‘The Accident on the A35’ by Graeme Macrae Burnet sees the return of Inspector Georges Gorski who featured in The Disappearance of Adèle Bedeau. His latest case in the sleepy French town of Saint-Louis in Alsace involves the circumstances surrounding a car accident which fatally injures prominent local solicitor Bertrand Barthelme. Although there is no evidence to suggest a crime has been committed, it is soon discovered that Barthelme had repeatedly lied about his whereabouts to his wife Lucette and teenage son Raymond so Gorski agrees to Lucette’s request to look into the circumstances further. Meanwhile Raymond discovers the address of a house in the rue Saint-Fiacre in Mulhouse on a piece of paper in his father’s desk and sets out to conduct his own investigation.
Those who have read His Bloody Project and ‘The Disappearance of Adèle Bedeau’ will be familiar with the literary device Burnet has used here in which he introduces the book claiming to have discovered and translated a lost manuscript by French author Raymond Brunet (note the similar names). It is said that Brunet took his own life after publishing ‘The Disappearance of Adèle Bedeau’ several years ago and had instructed his lawyers not to send his other manuscripts to his publisher until after his mother had died. Although the device is no longer a novelty, it is still deployed highly effectively in Burnet’s third novel. The case of Barthelme’s car accident would be fairly unexceptional on its own merit but the metafictional aspects add an extra dimension of mystery. Most notably, speculation about the parallels between Raymond Barthelme and the purported author Raymond Brunet and the extent to which the story is autobiographical become particularly important.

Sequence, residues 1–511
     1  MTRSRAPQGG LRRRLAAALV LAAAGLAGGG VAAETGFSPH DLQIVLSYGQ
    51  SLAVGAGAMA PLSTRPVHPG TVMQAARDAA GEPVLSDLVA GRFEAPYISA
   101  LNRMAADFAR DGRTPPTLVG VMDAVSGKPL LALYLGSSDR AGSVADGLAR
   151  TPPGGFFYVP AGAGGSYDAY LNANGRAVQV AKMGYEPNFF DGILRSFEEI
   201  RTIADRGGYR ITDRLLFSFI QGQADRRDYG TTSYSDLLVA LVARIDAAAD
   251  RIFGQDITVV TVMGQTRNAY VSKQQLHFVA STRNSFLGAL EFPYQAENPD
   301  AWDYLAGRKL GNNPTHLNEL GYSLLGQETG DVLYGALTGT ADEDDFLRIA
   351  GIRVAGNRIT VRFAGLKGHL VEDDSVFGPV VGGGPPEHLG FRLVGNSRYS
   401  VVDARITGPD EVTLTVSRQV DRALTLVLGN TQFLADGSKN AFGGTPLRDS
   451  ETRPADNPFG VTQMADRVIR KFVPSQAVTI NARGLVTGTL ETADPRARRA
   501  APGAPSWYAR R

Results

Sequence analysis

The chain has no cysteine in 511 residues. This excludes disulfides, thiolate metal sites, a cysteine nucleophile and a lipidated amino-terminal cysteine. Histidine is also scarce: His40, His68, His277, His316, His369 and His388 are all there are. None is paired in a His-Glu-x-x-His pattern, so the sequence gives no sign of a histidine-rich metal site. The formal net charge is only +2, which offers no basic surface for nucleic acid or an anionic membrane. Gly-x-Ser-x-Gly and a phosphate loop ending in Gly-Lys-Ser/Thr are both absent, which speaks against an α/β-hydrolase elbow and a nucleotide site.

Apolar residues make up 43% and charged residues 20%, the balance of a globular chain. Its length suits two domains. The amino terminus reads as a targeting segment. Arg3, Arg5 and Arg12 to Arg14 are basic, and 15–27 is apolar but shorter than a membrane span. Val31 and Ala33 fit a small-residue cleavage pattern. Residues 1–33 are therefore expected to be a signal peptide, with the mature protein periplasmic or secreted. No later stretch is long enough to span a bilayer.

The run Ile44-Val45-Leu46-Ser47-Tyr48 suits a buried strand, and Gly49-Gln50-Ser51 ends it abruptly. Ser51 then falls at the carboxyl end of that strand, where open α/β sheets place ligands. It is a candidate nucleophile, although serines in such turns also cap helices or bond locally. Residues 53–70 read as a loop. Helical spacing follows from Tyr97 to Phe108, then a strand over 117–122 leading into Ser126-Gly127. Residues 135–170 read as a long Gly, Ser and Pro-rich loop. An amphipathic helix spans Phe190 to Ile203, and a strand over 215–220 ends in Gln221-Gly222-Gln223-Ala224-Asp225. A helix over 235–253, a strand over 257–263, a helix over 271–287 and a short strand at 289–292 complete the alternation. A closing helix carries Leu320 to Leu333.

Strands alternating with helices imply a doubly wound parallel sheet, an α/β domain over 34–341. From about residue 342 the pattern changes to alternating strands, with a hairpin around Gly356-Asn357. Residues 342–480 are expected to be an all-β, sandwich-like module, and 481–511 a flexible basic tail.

As the reader is reminded in the “afterword”: “The real measure of ‘truth’ in any novel is not whether the characters, places and events portrayed exist beyond the pages of the book, but, rather, whether they seem authentic to us as readers.” As with Burnet’s debut novel, those expecting a plot-driven thrillers with neat endings might want to look elsewhere, but his depictions of socially awkward male characters and drab provincial backwater settings certainly feel convincing. The character of Raymond Barthelme shares more than a few personality traits with Manfred Baumann from ‘The Disappearance of Adèle Bedeau’ and Roddy Macrae from ‘His Bloody Project’ and his psychological profile is explored thoroughly. Elsewhere, Inspector Gorski himself is now separated from his wife and we learn more about his past too.
A third outing for Inspector Gorski hasn’t been confirmed yet but it is revealed in the “afterword” that ‘L’accident sur l’A35’ was one of two manuscripts sent to Brunet’s publisher, indicating that a follow-up is a strong possibility. Whether or not Gorski has another case to solve, I hope there isn’t too long to wait for another book by Graeme Macrae Burnet.